On Monday, Gizmodo published photos and analysis of what Denton and editors there said is the next generation of Apple's era-defining iPhone. Apple has bolstered Gizmodo's … Read more
Silicon Valley gossip blog Valleywag on Wednesday issued a call for readers to send in photos of the Apple tablet, in exchange for a cash prize of up to $100,000. On Thursday, Apple's own lawyers responded with something almost as good as pictorial evidence of the yet-unannounced device: a cease-and-desist letter.
Attorney Michael C. Spillner of prestigious Silicon Valley firm Orrick, Herrington, and Sutcliffe dashed off a letter to Valleywag's parent company, Gawker Media, beginning with this:
"I am writing on behalf of Apple regarding the notices on Gawker.com and Valleywag.com Web sites that Gawker Media will pay someone a financial reward for sending you photos, video, or a sample of an unannounced and highly confidential Apple product."
While it's not actually a confirmation, the letter, chock full of claims of infringements on Apple's trade secrets, does lend credence to the endless speculation that the device--"an unannounced and highly confidential Apple product"--does actually exist.
There are hundreds of bits of speculation that float around the Internet on a daily basis related to Apple. It's not often that the Cupertino, Calif.-based company responds--surely it does not mind all of the free marketing that results from the endless speculation about its products. But when it does respond, particularly with threats of legal action, it's a strong hint that the person or blog is on the right track.… Read more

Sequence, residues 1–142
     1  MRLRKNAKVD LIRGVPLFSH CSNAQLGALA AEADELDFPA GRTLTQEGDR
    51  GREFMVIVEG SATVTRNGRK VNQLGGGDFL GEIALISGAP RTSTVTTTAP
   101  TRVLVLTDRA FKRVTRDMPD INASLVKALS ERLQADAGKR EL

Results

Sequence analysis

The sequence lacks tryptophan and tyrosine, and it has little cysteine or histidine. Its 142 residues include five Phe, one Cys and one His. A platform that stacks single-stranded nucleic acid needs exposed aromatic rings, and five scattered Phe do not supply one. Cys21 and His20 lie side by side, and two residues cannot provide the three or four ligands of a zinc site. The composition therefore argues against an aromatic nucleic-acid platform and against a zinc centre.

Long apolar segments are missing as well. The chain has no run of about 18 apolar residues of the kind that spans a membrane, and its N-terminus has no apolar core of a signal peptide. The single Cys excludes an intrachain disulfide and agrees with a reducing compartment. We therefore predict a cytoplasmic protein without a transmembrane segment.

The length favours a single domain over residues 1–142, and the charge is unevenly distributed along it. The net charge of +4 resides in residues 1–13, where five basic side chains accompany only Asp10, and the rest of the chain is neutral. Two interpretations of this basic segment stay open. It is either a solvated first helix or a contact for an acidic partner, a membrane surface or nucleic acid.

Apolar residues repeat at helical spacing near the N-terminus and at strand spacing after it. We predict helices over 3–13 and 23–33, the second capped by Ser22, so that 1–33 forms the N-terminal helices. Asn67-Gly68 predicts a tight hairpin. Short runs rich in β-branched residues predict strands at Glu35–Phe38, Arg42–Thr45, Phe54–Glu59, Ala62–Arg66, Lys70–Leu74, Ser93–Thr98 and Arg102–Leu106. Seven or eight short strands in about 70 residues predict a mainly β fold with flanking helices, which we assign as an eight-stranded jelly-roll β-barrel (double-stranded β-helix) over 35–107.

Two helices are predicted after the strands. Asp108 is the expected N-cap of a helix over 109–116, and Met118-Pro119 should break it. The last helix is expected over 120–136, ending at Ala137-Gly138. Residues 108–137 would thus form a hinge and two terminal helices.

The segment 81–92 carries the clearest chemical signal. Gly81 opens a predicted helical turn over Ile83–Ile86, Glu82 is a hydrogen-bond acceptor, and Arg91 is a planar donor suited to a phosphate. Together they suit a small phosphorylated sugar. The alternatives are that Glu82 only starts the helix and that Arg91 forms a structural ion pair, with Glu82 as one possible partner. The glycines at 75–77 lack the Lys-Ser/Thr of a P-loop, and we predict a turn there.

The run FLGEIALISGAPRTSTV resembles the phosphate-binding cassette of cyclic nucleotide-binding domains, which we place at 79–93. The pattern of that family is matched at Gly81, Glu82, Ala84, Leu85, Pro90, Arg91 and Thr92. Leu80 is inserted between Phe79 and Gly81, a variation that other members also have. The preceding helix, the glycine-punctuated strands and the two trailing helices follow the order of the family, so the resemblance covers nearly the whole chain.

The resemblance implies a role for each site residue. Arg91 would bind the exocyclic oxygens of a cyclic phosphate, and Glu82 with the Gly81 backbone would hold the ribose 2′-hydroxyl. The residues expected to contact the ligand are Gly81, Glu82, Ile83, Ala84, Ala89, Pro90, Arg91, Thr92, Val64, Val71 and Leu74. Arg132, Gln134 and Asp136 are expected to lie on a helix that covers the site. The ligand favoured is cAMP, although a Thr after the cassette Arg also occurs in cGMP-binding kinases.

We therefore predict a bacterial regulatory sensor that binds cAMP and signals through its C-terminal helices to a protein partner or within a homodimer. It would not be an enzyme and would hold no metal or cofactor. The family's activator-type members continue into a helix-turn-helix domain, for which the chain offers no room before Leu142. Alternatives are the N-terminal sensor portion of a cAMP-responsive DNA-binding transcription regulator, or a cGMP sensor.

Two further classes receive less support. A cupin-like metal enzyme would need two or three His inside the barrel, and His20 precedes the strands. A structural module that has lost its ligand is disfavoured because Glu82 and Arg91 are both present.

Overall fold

Wilson is "out sick" today, but we're lucky to have Ms. Natali Del Conte nearby to replace him on the show. She was working out of the office last week, so we take this opportunity to update ourselves on all things NDC and you'll be surprised to hear of the changes coming to Loaded. We're so proud of her. Congrats, Natali!
We officially kick off this Monday episode by defining the Web's trendiest new buzzphrase, "augmented reality." We're not sure who came up with it, but it's all the rage in the world of iPhone apps. For example, Yelp built an Easter egg into its app that uses the smartphone's GPS to superimpose digital data onto the world through the camera, making it easy to view restaurants, taxis, bathrooms, and subway information around you. We think it's pretty cool, but Gawker has its own application ideas, like an app called ClubLech, which uses facial recognition and user-inputted data to identify all the singles in a room. Sounds creepy and, like a lot of technology, it takes the fun out of getting to know someone in person. Plus, who wants a digital sign superimposed over their head pointing out their depressingly single relationship status?
Are you having a hard time saying goodbye to "Reading Rainbow?" We are, too. The show has been on the air for 26 years and just recently celebrated its final episode on August 28. We're sad to see a relic of our childhood go the way of the dodo, but it makes perfect sense, since we're pretty sure kids are just illiterate now, so why have a show to promote books? But don't take our word for it; just ask a kid to define the word "Scholastic."
If you want to get your voice mail heard on the air, just give us a call at 1-855-404-CNET and tell us what's on your mind! Could be something about one of our shows, maybe one of the hosts, or just something random that popped into your head. We'll take them all!EPISODE 415 Subscribe in iTunes audio | Suscribe to iTunes (video) | Subscribe in RSS Audio | Subscribe in RSS Video… Read more